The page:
This article is an excerpt from Let’s Go to NYC, my ebook for those interested in moving to New York City from outside the States.
As you might already know, I love Twitter. Sure, it can be a scary and depressing place at times. But I’ve made some great friends on Twitter and still find it a productive place to learn, share my thoughts and make connections. It's also one of the best tools to network and get to know people who may be able to help you land your dream job or project.
This particular article is about networking with the aim of moving to New York, but some of these lessons can apply to anyone.
The easiest way to network is of course through friends of friends, but for those moving to NYC from another country (or anyone networking from afar) that’s not always possible. If you’re in NYC on your tourist visa checking out the city, tweet at some people and ask if they have time for a few questions. But before you do that, here are some handy guidelines.
DO send a short tweet to the people you’d like to meet. Keep it simple and casual.
DON’T say things like, “Can I pick your brain?” Nobody likes that and chances are low that someone replies with excitement. People in New York tend to be busy, and asking someone if you can pick their brain sounds like extra work.
DO try to meet for coffee or lunch. Lunch is the best option because it’s a limited amount of time, and everyone has to eat anyway. You will have a better chance meeting someone for lunch at their company than trying to schedule a couple beers or dinner. Beers and dinner have no designated time limit — 30 minutes is too short, 1 hour might seem rushed, 2+ hours is too long. Save that for your second date.
DON’T be complicated with the specifics. If someone agrees to meet, propose three example dates for lunch and offer to come to their office. And don't end your note with the famous, "What do you think?" No one likes to think, they like solutions. Remember this isn't about them, it's about you.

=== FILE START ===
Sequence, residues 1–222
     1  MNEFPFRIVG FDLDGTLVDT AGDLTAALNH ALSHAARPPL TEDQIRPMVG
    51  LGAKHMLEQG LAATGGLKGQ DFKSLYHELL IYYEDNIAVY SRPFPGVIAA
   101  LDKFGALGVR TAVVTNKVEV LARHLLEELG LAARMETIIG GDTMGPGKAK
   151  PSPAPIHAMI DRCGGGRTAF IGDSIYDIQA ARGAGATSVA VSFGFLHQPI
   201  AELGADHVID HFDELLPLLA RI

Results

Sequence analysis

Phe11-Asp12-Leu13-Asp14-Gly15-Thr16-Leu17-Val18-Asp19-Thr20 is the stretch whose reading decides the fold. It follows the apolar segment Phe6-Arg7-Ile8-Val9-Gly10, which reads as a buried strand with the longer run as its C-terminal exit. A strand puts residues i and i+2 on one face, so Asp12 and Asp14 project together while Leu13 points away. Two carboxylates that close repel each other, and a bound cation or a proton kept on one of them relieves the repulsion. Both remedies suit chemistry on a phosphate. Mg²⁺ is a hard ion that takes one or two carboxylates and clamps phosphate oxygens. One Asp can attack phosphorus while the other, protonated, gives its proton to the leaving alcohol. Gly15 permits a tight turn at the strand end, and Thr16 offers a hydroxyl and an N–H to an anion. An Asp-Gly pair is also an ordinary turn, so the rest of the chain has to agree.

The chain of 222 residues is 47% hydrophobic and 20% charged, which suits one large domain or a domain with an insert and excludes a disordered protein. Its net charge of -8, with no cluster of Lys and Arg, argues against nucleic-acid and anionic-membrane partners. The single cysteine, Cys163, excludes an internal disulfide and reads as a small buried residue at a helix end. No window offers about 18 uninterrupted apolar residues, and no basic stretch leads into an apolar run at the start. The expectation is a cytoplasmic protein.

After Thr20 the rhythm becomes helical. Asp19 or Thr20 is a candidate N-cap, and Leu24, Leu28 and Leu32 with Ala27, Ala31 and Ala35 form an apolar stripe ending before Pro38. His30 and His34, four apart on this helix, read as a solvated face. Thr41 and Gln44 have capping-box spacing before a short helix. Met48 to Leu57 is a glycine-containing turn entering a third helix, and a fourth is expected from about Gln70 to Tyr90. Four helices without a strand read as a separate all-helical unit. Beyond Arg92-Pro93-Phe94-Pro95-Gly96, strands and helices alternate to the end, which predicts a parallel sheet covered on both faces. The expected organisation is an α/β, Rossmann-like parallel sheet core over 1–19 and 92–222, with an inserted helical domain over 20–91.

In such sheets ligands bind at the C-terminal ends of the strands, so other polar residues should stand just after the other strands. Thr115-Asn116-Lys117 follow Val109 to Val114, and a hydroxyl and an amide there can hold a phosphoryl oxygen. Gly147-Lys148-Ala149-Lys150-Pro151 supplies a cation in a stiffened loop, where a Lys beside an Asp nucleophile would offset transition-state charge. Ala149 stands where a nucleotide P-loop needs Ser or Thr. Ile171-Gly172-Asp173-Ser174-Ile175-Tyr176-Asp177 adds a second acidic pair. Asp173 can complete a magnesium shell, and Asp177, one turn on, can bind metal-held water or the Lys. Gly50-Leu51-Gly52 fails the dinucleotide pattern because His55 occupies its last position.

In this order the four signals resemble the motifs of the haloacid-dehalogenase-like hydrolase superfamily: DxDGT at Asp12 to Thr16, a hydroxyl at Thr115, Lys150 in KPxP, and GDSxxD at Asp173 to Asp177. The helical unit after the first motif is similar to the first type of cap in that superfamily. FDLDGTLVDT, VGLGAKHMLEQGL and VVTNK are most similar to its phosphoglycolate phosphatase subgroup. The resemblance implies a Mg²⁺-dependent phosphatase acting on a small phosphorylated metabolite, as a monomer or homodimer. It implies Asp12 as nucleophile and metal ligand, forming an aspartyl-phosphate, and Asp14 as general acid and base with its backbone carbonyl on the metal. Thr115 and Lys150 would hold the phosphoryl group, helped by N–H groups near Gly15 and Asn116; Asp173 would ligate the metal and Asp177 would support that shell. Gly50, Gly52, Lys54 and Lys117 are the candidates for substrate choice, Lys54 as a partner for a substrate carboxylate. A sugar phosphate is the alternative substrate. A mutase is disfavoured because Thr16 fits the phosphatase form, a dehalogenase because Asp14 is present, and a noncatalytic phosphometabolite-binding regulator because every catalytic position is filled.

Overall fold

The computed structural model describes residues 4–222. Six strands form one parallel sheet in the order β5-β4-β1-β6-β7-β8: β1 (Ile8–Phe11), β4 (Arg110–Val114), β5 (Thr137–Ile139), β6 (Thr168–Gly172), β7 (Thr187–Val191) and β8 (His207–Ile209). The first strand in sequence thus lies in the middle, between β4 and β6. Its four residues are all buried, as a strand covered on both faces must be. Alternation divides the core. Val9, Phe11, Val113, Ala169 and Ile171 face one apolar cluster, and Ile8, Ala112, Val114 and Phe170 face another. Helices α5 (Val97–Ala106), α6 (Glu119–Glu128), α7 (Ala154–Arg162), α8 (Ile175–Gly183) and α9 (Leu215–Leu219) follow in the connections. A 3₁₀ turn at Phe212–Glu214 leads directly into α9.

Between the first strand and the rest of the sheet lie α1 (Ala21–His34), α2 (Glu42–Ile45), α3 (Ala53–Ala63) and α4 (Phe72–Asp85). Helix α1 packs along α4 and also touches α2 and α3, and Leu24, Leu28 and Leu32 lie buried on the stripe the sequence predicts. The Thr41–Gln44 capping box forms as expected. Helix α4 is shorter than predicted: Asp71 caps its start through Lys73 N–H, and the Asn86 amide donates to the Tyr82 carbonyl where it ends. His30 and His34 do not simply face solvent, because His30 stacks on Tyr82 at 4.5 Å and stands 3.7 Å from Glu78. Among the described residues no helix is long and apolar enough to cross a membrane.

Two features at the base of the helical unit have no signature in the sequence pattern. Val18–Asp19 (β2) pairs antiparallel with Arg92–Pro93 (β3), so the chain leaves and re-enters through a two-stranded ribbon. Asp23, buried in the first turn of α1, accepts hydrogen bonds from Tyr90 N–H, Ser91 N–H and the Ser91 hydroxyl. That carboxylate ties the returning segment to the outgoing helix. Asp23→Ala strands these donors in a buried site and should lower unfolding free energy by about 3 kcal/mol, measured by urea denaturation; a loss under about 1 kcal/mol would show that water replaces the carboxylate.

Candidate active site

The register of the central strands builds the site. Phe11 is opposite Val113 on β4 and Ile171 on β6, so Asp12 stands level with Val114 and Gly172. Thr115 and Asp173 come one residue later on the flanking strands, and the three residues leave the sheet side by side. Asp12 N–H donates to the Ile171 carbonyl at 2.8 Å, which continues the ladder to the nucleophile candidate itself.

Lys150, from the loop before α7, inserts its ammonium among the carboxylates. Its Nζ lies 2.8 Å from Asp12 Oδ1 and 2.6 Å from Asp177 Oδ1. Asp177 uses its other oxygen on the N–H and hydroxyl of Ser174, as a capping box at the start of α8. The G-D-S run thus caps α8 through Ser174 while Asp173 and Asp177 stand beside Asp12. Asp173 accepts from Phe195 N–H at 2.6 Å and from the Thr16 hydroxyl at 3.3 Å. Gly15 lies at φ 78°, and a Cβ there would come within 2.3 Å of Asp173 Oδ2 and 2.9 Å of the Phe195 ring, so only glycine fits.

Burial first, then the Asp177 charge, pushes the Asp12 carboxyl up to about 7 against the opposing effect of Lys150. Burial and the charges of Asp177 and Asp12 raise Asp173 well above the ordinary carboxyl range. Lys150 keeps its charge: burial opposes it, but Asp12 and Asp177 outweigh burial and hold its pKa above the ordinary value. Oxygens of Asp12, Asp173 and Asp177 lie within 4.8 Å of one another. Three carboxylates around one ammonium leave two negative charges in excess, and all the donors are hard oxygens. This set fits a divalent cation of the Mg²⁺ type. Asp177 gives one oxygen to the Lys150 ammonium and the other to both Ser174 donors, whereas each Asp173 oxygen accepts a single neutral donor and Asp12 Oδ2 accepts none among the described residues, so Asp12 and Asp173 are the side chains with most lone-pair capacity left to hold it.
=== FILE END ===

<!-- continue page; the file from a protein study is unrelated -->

DO make it as easy as possible for the person you’d like to meet. They’re doing you a favor, after all. Put yourself in the shoes of someone you are contacting. Think of how you’d like to be approached by a stranger.
DON’T be afraid to follow up. You might not get a response the first time, so give it a few days and send it again. But don't be discouraged if they say no or you don't hear back at all. I personally get a lot of messages from people who visit New York and want to meet. I decline most of them because if I said yes to everyone, I would have a full-time job meeting up with people. It’s not that I don’t like to meet people, but I simply can’t afford it all the time.
DO have a goal in mind when you meet or approach a person. Just "meeting up to chat" is not bad at all, but chances are high a busy person isn't in the mood for that. Small talk might ease the tension at first but if you want something, make it clear as soon as possible.
DON’T talk around the subject for too long. Don't let the other person play a guessing game and more importantly, don't waste their time. Once you've lost the attention or respect it will be hard to gain again.
If you want more advice about living in and working in New York, check out Let’s Go To NYC. It’s the full guide to finding a job in the city, getting your visa, finding your first apartment and more.
P.S. You might also be interested in this article about emailing a busy person. If Twitter is "first base" in your networking relationship, email is second. And there's a right and wrong way to network there too. I hope these tips will help in either case 🙂